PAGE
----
Book Review: Bruce Dickinson – What Does This Button Do?

In a way it seems almost strange to review a biography, doesn’t it? Even if it is one of the finest and most successful metal vocalists of all time. What am I doing; reviewing his life and giving him a gold star for success but could do better in parts? Let’s face it, before you even pick this book up you know that Bruce has had an amazing life that you could only dream of (or read the book).

Obviously I am not reviewing his life, just the book so it probably would be apt to start at the end and Bruce’s own afterword where he explains not so much what he put in (you’ve read the book at this point) but what he left out and succinctly put this as wives, divorces, children and relationships in general. Why does this matter? Well because it’s a biography and surely relationships are one of the key ingredients which ties us into the social world around us.

Bruce chose to leave this out to tell, instead, an adventure story of his life and this is what What Does This Button Do? is. It is the amazing adventures of Bruce Dickinson seen through the eyes of Bruce Dickinson. If you are a fan of Bruce’s recorded output I can guarantee this will make you want to revisit the albums as the tale unfolds. If you like a good biography to be a kiss and tell, well then Bruce is a true gentleman and he does not.

Regular Moshville Times readers will know that I overthink reviews at times and this is no exception so I was not surprised when I found myself pondering the question what it is even I (and others) want from a biography in the first place. Why this interest in someone else’s life. This was my conclusion –

  • Primarily, for me it is to be in the driving seat. Hopefully that biography is going to capture the excitement, of the first gig, first record, first stadium gig etc. It’s the magic of the creation. In this respect Bruce will not let you down, this is a great tale and told just how you would expect Bruce to tell it. Half tongue-in-cheek, half in your face, matter of facts, ups and downs. We get a close first-hand experience of the trip to Serbia during the war as a solo artist and the whole career from Samson, Maiden, solo and Maiden again.
  • You want to get behind the scenes. Basically you want to see an insight into that person’s life or the band that you would not otherwise be privy to without having read the book. Bruce does give you some insights into the band, how the song writing works and decisions behind some of their bolder moves. You do sit with him in the studio at times. What he does not really reveal is much detail about the interpersonal relationships in that band. We know that he was close to Steve Harris and that it is also Steve’s band but a lot of the relationships and tougher talk in the book is reserved for the enigmatic manager Rod Smallwood. Whether this is deliberate or whether Rod is ultimately the glue that holds everything together is not really clear.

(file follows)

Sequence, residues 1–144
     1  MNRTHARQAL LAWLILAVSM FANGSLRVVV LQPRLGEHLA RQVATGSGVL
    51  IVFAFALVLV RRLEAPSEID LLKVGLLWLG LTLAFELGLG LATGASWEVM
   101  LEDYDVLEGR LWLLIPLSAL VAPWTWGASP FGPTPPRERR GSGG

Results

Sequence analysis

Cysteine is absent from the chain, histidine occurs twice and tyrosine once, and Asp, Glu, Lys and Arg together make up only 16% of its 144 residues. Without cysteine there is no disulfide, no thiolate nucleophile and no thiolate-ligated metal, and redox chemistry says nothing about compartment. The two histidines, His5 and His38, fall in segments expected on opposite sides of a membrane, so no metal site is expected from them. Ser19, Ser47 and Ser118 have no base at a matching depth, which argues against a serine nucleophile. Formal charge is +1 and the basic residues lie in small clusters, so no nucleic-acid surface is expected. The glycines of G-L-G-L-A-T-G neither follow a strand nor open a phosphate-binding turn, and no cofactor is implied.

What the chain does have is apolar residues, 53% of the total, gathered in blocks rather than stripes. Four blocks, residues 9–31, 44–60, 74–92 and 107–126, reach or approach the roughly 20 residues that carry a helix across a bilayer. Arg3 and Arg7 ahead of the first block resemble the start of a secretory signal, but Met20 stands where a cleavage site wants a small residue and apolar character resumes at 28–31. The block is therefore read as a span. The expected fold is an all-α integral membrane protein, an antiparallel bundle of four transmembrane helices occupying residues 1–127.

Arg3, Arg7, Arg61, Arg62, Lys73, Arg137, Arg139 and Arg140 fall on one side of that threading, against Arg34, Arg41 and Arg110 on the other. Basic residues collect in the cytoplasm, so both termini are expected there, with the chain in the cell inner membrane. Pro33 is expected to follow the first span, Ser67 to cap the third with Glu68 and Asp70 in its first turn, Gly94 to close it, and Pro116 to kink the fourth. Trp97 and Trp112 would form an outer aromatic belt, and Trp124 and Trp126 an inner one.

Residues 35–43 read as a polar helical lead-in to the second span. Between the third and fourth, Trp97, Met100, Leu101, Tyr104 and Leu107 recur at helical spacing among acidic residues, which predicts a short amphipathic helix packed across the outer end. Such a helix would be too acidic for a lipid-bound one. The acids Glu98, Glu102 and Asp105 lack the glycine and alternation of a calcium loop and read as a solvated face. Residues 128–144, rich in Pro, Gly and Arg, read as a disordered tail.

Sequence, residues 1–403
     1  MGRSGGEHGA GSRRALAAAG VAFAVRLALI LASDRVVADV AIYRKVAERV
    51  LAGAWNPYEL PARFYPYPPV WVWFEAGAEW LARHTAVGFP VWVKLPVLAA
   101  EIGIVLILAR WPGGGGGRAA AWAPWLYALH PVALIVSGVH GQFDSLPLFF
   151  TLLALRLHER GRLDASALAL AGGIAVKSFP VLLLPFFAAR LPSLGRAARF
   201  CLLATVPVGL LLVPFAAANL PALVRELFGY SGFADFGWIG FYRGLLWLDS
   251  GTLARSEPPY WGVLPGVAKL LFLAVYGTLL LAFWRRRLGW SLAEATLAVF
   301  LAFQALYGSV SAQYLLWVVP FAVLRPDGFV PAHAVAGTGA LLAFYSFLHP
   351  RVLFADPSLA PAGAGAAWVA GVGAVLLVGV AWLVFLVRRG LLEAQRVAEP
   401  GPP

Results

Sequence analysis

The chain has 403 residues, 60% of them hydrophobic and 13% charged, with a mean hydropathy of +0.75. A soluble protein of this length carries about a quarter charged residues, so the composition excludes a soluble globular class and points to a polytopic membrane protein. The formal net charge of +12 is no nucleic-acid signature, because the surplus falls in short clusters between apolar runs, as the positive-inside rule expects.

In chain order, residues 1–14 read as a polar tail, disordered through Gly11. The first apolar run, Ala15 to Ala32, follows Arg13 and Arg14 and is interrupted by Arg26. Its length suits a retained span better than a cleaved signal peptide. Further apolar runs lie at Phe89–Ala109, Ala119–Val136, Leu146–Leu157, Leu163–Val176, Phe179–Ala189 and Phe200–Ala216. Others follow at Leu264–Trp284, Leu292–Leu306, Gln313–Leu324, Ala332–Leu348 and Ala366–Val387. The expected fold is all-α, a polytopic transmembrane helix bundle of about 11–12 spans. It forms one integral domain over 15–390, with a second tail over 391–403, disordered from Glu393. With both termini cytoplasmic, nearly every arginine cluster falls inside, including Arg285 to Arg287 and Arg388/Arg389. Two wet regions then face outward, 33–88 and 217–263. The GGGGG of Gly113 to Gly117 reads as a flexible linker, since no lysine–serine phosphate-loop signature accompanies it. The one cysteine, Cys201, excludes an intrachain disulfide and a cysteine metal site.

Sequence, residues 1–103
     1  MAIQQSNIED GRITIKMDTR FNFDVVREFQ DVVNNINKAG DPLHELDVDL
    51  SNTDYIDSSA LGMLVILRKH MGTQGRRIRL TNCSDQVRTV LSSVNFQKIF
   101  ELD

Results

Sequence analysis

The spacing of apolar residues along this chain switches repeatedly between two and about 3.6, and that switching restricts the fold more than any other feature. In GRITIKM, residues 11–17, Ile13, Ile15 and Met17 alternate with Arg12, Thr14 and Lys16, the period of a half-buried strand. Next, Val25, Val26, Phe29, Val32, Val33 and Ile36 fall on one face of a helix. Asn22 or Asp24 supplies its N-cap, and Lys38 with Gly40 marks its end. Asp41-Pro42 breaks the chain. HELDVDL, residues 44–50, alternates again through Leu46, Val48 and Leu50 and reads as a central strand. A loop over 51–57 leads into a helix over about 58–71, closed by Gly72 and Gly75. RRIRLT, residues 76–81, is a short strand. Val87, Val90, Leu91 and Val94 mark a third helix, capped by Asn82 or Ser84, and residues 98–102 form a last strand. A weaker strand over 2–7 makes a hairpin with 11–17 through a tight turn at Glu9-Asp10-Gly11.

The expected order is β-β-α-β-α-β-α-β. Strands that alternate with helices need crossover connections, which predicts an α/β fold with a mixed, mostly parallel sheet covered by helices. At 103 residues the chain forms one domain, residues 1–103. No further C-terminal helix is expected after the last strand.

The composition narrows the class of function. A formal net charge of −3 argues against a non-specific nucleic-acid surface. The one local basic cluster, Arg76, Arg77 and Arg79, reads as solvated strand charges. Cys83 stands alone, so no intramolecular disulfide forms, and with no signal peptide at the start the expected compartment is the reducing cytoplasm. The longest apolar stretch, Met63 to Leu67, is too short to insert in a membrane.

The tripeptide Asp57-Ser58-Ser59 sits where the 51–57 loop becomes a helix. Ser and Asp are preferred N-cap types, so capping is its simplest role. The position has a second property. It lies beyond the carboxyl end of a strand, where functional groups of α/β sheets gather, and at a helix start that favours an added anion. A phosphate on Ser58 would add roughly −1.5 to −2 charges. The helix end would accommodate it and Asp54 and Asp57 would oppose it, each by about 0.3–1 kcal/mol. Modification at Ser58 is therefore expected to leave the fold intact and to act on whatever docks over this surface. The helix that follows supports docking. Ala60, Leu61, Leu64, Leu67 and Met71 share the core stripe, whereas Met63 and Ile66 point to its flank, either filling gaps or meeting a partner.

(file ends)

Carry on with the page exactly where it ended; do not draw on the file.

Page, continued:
• You want his thoughts on different topics. Ultimately with Bruce you really want to know his thoughts on the split, the later reformation and ultimately what did he think of the Blaze Bailey Iron Maiden. Bruce is ever the diplomat and this is glazed over. This is an adventure story and not Bruce’s personal opinion.
  • Insights into the man? This book is completely Bruce, yes he may have left out the gossip but you get unadulterated Bruce nethertheless.

So what do you get? You get lots of stories regarding his fencing and piloting days. This biography is very much about Bruce and not Iron Maiden or even about his music career. There is a lot more to Bruce than just being a singer and these areas get just as much pages as the Iron Maiden story. You also get quite a bit about Bruce’s childhood, his relationship with his parents (the exception it seems to his relationship rule) and basically what built the man. You also get the full adventure tale and that alone is worth the admission fee. But where Bruce really lays his soul bare is his recent fight with throat cancer. This is raw both emotionally and physically and you get the impression that even now Bruce is putting a brave face on it and this was the hardest, individual challenge he has ever come across in his life.

This is a great swashbuckling tale and yes, it isn’t as gossipy as some biographies can be, but what you get is the tale of what has been an amazing life, written in Bruce’s own style and I for one look forward to many more chapters to come.

What Does This Button Do? is out now

Bruce Dickinson: official book page

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